The Facts About Chipping a Tooth

The Facts About Chipping a Tooth

Whether you’ve been chewing on hard candy or crashing your mountain bike, the second you feel something inside your mouth that won’t dissolve or melt, you know you just broke a tooth and are about to panic. Enamel may be the most mineralized, hardest tissue in your body, but even its strength is limited, especially if any teeth have some decay on them already. If you’ve chipped a tooth, there’s no need to panic, because there are plenty of things your dental professional can do to help.

Caring for a Chipped Tooth

It goes without saying, but you need to schedule a dental visit immediately when you break, chip, or fracture a tooth. Otherwise, there may further damage or even infection, which could lead to you losing your tooth. Until then, try adhering to several self-care practices:

  • If you’re in pain, take acetaminophen tablets or similar OTC pain relievers. Rinse out your mouth using salt water.
  • In the event of a break with jagged, sharp edges, cover the break with sugar-free gum or wax paraffin to protect your tongue, cheeks, and lips.
  • If you need to eat, choose softer foods and try to avoid biting using your broken tooth.

Treatment for chipped teeth will vary by the severity of the damage. Small pieces of enamel breaking off usually just requires one visit, but badly broken teeth may call for longer, costlier procedures, including some of the following:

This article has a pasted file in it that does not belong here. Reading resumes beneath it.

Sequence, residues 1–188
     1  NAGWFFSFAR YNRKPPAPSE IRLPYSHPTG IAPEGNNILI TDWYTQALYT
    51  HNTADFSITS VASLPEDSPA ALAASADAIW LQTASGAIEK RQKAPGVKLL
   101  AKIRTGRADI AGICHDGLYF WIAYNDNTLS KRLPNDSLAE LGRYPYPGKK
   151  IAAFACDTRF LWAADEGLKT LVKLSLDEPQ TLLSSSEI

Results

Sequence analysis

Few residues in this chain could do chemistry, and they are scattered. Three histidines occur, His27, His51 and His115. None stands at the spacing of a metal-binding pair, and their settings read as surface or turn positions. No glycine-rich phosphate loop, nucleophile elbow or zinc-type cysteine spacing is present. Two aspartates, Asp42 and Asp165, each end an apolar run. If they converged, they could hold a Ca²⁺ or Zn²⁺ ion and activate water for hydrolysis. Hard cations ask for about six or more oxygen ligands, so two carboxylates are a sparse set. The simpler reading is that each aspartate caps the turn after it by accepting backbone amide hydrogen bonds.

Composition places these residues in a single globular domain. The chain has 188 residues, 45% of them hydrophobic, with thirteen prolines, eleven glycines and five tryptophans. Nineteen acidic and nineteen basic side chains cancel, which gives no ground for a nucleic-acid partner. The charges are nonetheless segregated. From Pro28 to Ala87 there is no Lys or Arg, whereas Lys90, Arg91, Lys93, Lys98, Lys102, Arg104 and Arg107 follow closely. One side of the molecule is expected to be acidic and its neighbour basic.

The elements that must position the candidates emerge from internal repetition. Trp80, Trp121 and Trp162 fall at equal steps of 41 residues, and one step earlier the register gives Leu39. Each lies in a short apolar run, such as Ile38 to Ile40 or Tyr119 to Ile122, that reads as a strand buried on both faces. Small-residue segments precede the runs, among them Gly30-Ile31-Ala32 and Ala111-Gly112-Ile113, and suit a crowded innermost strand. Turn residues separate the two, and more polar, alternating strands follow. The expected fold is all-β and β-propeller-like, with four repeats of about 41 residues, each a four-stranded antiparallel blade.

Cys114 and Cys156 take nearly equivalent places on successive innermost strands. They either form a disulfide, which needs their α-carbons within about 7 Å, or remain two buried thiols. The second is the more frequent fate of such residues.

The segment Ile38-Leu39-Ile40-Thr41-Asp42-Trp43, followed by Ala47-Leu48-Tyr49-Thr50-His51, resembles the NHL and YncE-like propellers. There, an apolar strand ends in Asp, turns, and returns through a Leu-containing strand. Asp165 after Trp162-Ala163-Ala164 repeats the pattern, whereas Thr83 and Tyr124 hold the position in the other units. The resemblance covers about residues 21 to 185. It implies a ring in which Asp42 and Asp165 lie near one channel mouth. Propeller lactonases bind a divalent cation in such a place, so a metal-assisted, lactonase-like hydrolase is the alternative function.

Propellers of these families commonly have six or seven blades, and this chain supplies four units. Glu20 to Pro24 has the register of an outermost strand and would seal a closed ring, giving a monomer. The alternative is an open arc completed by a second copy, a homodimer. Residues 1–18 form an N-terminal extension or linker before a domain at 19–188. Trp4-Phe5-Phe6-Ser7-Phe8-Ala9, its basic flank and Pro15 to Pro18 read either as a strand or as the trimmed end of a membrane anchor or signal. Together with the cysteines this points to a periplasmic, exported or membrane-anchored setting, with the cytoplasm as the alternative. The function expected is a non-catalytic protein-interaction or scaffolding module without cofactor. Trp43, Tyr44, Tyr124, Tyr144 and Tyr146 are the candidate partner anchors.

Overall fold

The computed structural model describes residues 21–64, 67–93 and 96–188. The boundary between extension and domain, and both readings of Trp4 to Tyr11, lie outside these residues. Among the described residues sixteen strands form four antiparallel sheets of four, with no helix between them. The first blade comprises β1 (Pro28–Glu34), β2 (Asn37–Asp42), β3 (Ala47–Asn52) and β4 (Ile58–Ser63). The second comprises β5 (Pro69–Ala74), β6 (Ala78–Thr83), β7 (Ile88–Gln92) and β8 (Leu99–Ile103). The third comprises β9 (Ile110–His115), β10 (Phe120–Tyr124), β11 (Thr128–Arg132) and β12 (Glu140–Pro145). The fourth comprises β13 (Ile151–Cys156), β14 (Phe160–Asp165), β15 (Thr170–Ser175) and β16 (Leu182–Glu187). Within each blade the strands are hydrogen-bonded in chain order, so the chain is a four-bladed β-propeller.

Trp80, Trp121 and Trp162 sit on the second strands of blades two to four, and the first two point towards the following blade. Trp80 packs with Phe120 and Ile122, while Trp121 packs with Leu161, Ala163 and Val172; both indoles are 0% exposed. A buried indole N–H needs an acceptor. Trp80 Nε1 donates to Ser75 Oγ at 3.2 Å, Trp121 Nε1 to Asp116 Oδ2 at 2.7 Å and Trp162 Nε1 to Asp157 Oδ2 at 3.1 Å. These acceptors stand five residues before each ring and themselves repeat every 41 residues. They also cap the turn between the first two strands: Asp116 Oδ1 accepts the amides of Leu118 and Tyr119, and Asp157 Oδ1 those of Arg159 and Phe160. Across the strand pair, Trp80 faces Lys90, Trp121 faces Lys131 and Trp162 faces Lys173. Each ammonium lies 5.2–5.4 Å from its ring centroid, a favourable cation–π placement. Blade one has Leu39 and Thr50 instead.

Dental Bonding

For teeth that are visible when you smile, a process called bonding will likely be used to repair your tooth, which involves using a composite, tooth-colored resin. To bond your damaged tooth, a dentist uses a gel or liquid to roughen the tooth’s surface, which allows the adhesive material to stick better. Then, the material is applied to your tooth along with the resin. Once this bonding material has been shaped like a regular tooth, ultraviolet light is used for hardening the bond.

Dental Crown or Cap

When large pieces of tooth break off, your dentist might file or grind away part of that tooth before covering it with a cap or crown, which can be made of all resin, all ceramic, metal, or porcelain fused to metal. Installing a crown often takes two dental visits, with the first involving X-rays for inspecting the tooth’s roots and the surrounding bone. Then, the dentist numbs the surrounding gum and tooth before removing part of the remaining tooth. Next, the dentist uses a putty-like substance to take impressions of the tooth that’s getting the crown and the opposite tooth the crown will be touching. During the next visit, the provisional crown your dentist placed is removed, and they check how your permanent crown fits before it’s cemented in place.

Dental Veneers

When the front teeth are chipped, veneers can make them look healthy and whole again. They’re thin shells of teeth-colored porcelain or composite material, which cover the front of teeth and have thicker sections for replacing broken or missing parts. To ready your tooth, the dentist removes between 0.3 and 1.2 mm of enamel from your tooth’s surface and then takes impressions to send to the lab. Once your veneer is completed, you go back to your dentist, where they place it by etching your tooth’s surface and roughening it. After a special cement is placed on the veneer, it’s placed into position on the tooth and then a special light is used to harden the cement.

In need of dental care? Sampson Dental Group would love to be your new dentist. To see a full list of our dental services, contact us today!

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